On This Day – 7th/8th May 1942

The Battle of the Coral Sea is fought to stop the Japanese-planned capture of Port Moresby. It is a confused engagement and is the first major naval battle fought without visual contact being made between the surface forces of the opposing fleets.

The Japanese devise an over-complicated plan for the operation, breaking their forces into five separate groups. The large carriers Shokaku and Zuikaku (sister ships) provide overall cover for the operation, while the small carrier Shoho is assigned to directly cover landing operations. The Japanese believe that the Americans, at most, have one carrier in the area.

Because the Americans have broken the main Japanese naval codes, forces can be concentrated to oppose the operation. Two task forces, each containing a large carrier, USS Yorktown and USS Lexington, are in the area plus another task force, made up of Australian and American cruisers, is ready to oppose the landing force directly.

On the 7th the Japanese sight the cruiser force and attack it unsuccessfully with land-based aircraft. They also sight an American tanker Neosho and the destroyer USS Sims, mistaking them for a carrier with escorts, resulting in a major strike by the main carriers which sink both ships. During the same day the Americans spot the covering force with the small carrier Shoho and launch an overwhelming attack which sees the loss of this carrier. Late in the day the Japanese attempt to locate and attack the American carriers with another strike by the main carriers, but this fails to find the ships and some twenty aircraft are lost in the darkness. As a precaution the Japanese landing force turns back to await the outcome of the carrier battle.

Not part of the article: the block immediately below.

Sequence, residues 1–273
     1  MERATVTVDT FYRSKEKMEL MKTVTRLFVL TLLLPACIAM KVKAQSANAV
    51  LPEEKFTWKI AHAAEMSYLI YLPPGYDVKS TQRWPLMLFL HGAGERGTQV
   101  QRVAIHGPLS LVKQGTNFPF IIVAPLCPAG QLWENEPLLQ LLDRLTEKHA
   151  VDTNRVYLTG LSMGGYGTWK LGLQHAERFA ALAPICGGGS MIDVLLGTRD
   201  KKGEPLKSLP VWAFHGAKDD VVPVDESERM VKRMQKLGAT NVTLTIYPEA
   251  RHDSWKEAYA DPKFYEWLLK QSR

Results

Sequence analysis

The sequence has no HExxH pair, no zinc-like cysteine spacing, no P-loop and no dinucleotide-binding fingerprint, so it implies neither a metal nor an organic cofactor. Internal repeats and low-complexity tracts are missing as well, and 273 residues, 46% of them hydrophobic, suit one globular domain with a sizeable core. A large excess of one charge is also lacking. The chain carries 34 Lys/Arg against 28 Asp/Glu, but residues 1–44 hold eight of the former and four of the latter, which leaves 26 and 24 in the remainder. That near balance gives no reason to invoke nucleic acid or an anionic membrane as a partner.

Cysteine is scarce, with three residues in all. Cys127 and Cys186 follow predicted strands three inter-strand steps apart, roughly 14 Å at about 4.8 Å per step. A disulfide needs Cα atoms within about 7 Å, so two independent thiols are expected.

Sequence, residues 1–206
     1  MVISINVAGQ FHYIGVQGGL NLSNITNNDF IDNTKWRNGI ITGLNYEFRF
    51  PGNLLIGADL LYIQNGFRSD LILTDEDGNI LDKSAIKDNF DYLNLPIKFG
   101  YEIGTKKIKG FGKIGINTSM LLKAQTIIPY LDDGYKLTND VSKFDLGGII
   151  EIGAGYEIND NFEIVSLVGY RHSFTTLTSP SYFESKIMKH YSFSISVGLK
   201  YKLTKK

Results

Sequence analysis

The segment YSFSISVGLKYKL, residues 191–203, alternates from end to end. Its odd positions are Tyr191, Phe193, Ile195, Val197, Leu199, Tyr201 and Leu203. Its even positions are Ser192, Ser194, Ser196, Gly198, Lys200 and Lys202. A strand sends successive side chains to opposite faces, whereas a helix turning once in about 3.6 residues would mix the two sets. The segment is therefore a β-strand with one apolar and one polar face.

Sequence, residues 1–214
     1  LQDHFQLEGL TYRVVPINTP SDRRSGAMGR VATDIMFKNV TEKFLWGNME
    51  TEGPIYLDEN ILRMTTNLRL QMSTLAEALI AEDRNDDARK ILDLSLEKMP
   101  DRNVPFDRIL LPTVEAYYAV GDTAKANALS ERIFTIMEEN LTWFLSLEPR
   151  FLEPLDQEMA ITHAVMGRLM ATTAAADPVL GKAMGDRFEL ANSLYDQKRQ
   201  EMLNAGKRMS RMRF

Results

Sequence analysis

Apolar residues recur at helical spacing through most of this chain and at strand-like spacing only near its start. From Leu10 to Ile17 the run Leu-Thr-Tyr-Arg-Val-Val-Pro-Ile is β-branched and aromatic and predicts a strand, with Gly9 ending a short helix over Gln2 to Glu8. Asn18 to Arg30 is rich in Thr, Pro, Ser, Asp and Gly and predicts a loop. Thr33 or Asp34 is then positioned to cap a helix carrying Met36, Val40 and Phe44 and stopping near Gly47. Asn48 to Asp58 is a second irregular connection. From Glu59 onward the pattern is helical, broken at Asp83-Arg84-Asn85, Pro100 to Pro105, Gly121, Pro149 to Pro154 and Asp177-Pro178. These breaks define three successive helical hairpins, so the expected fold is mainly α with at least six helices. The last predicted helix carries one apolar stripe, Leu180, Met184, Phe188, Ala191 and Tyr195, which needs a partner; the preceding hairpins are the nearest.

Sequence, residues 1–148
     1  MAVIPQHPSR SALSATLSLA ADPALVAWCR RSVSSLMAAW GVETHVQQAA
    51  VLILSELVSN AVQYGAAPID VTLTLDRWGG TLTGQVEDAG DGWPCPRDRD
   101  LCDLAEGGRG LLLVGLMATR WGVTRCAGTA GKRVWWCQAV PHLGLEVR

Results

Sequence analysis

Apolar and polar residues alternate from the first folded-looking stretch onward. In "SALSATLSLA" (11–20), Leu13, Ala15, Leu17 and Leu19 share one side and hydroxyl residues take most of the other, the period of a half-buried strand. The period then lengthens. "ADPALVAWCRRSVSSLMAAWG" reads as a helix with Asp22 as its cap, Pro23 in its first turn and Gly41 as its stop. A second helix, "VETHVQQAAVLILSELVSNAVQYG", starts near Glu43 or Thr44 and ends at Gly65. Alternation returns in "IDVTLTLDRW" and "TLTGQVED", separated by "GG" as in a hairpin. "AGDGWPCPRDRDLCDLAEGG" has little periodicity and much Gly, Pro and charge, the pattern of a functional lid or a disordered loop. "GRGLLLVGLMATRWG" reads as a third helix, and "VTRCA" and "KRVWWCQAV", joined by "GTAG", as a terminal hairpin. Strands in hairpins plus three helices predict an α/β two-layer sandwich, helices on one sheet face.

A large explosion seals the fate of USS Lexington

On the 8th, reconnaisance aircraft from each side simultaneously sight the opposing fleets. The carriers immediately dispatch strikes which literally pass each other on the way to attack their opponents. The USS Lexington is badly damaged and has to be abandoned while the USS Yorktown is also damaged. The Shokaku, also seriously damaged, manages to survive. The Japanese are forced to abandon their attack on Port Moresby. While this can be seen as a tactical victory for the Japanese (inflicting more damage than they suffered and forcing the Americans to retire from the area), it can justly be described as a strategic victory for the Americans, thwarting a major Japanese operation and significantly affecting the outcome of the next carrier battle (Midway in June as both Shokaku and Zuikaku were not available for this action).